The United States cannot produce useful quantities of eight of the 17 elements commonly labeled as rare earth metals—terbium, dysprosium, holmium, europium, erbium, thulium, ytterbium, and lutetium—because they simply do not exist within our borders.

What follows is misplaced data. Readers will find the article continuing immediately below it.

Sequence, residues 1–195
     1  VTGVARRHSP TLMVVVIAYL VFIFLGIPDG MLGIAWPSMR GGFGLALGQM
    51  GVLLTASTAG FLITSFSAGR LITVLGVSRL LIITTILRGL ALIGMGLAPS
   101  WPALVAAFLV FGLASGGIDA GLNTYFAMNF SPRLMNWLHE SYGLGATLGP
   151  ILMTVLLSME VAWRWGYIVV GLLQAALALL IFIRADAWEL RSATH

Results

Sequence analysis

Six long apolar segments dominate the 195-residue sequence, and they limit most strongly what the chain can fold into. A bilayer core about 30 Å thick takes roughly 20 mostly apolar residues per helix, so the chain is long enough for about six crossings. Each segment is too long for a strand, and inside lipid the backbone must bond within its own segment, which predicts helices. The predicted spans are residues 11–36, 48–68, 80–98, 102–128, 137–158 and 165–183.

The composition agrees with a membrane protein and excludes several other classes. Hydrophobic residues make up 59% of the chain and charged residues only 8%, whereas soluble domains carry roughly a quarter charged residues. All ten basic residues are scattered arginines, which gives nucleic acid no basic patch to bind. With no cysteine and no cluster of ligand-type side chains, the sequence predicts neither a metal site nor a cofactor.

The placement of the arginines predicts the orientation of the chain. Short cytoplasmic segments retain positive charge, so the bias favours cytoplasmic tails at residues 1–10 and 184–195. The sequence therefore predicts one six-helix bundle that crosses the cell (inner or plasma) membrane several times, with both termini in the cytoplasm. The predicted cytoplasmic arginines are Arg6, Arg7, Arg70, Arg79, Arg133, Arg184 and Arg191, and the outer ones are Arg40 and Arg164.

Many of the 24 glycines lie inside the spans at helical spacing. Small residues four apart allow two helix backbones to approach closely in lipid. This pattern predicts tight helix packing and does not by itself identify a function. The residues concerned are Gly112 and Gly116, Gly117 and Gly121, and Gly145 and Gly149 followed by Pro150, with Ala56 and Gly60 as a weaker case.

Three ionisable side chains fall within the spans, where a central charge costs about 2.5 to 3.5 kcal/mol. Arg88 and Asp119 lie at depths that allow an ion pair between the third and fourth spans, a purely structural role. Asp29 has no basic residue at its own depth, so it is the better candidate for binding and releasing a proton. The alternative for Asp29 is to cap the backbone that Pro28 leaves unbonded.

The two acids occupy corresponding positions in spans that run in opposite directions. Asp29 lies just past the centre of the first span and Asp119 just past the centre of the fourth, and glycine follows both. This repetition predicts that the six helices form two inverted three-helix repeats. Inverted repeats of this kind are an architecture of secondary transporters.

According to the US Department of Defense, high-purity beryllium is necessary to “support the defense needs of the United States during a protracted conflict,” but procuring a supply is not easy. Making a case for the defense industry’s reliance on beryllium is easy. No fewer than five US fighter craft, including the F-35 Joint Strike Fighter that will be employed by the United States, Japan, Israel, Italy, and five other countries over the next several decades, rely on beryllium to decrease the mass of their frames in order to allow the nimble movements that make the planes even more deadly. Copper-beryllium alloys are a crucial component of electrical systems within manned craft and drones, along with x-ray and radar equipment used to identify bombs, guided missiles, and improvised explosive devices (IEDs). The metal also has a use far removed from such high-tech applications. Mirrors are fashioned out of beryllium and used in the visual and optical systems of tanks because it makes the mirrors resistant to vibrational distortion. High-purity beryllium is worth just under half a million dollars per ton when produced domestically, with Kazakhstan and Germany supplying the only significant amounts to the United States through import. In 2008 the Department of Defense approved the construction of a high-purity beryllium production plant in Ohio after coming to the conclusion that commercial domestic manufacturers could not supply enough of the processed metal for defense applications nor did sufficient foreign suppliers exist. While the plant in Ohio is owned by a private corporation, Materion, the Department of Defense is apportioned two-thirds of the plant’s annual output.